Two days after returning to Switzerland he was having a teleconference interview and three weeks later he was at the helm of Dicey Reilly’s, where he has made keeping the high standards his priority. Philip has already seen that in Pattaya, to survive as an ex-pat pub, you have to provide good ex-pat pub grub, at good ex-pat pub grub prices.
While at Dicey Reilly’s, we also made a re-acquaintance with Aussie Dylan Counsel, back at the Marriott as the director of operations and then discussed the menu with another Aussie, Luis Zamora, the director of kitchen operations. Despite the antipodean flavor, there is, however, no kangaroo or emu on the menu, but plenty of the before-mentioned ‘pub grub’.
For those who have not dined at Dicey Reilly’s, it is on Second Road, just past the Royal Garden Plaza and the Marriott Resort, and underneath the Marriott’s Garden Cafe. It is set back slightly from the road, and the best parking is under the Royal Garden Plaza. Inside there is plenty of wood paneling, some Irish style murals on the walls, a central sit-up horseshoe bar with several large screen television sets and a kitchen behind glass along one side wall. Then there are many freestanding tables and chairs, some pool tables, darts and other pub games. The cutlery is of good standard and there are two grinders on the table, one with peppercorns and the other with rock salt.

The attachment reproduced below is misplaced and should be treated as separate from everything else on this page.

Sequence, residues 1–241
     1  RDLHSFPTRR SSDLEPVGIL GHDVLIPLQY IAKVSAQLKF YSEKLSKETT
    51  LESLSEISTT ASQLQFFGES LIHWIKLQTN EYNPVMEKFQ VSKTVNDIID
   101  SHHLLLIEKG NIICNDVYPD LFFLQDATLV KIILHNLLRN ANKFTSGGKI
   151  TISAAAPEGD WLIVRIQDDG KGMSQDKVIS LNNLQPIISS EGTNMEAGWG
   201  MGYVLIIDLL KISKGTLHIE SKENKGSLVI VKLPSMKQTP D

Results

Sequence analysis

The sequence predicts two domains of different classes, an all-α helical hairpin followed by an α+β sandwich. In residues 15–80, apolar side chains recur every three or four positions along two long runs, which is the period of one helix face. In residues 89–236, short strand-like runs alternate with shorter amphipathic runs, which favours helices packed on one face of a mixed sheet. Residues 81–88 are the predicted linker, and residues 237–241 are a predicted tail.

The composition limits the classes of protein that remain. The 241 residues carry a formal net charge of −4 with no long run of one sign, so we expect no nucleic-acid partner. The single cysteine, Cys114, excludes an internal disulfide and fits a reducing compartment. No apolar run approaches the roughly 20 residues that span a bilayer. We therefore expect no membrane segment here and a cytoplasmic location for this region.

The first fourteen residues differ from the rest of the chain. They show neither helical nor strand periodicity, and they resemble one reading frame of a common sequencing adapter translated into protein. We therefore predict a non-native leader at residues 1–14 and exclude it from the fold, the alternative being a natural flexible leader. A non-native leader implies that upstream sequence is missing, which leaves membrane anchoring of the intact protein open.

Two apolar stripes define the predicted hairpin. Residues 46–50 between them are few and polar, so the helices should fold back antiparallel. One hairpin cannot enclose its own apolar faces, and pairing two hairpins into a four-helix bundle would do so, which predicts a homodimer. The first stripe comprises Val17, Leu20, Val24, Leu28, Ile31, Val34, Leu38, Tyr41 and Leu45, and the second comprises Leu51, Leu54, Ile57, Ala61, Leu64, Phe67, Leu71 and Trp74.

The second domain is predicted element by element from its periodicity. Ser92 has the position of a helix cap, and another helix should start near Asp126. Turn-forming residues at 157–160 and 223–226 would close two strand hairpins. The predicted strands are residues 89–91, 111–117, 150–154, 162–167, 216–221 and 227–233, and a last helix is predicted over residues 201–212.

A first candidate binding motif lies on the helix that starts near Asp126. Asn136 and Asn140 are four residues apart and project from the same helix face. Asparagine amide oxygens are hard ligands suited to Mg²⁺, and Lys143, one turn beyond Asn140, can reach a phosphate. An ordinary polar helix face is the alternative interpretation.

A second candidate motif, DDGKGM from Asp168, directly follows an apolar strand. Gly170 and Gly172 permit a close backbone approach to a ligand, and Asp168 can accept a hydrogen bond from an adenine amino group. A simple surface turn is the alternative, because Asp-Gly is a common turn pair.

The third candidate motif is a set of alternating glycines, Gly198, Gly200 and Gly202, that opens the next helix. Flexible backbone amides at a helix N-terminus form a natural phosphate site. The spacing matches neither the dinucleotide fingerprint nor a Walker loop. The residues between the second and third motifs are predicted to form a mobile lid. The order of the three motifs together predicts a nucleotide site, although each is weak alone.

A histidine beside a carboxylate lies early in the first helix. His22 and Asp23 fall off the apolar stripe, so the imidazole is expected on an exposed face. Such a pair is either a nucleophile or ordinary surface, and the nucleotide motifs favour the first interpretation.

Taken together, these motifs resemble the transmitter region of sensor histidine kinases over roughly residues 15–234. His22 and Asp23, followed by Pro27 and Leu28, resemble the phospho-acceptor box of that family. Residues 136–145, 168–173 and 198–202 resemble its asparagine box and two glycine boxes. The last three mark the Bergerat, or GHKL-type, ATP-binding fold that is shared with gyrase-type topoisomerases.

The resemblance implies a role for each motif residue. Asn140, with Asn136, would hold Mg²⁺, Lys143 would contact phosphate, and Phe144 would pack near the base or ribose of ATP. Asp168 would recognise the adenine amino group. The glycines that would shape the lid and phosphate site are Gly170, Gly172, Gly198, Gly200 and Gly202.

On our night (a Tuesday) there were quite a few people, including two families, and Dicey Reilly’s does cater to children, with their own menu. On Thursdays and Fridays there is live music to entertain the throng.
The menu has wines and beers at the usual prices in the pubs around town, but with a greater range than most. Heineken draft is B. 95.
Food prices are again very reasonable and there are many choices, including, pizzas (B. 220-260), burgers (B. 230-280), ribs, pub style mains and a good Thai menu (B. 200). There is a blackboard menu with specials as well.
We both began with the French Onion soup (B. 150), and it was a good hearty version with the bread and cheese served as a side. We plopped ours in the soup in traditional French (onion) style. Served hot to the table, this was an excellent starter.
For mains, we had ordered a traditional (British/Irish) fish and chips (B. 300) and a gammon, egg and chips (B. 280), one of my favorite pub grub items. With Madame unable to come to Dicey Reilly’s that evening, famous magician Howard Posener joined me, and he certainly made the fish and chips disappear! No ‘Abracadabra’ needed! Howard commenting that this was one of the best he had ever tasted.
My gammon dish had two gammon steaks, two eggs, a thick slice of pineapple, baked beans and plenty of fries. This was good solid pub food, and I found the size of the portion very large. So large, in fact, that I was struggling towards the end. The only ‘downer’ was the usual rock-hard butter pats, which you cannot spread. I suggested that perhaps they could look at margarine, which you can spread, even direct from the fridge. And healthier, too.
So, did we enjoy the Dicey Reilly’s experience? Yes we did. Would we go again? Yes we will. With the friendly, and fun service staff and many beers on tap, and reasonable prices, it certainly makes it a good watering hole in the center of town.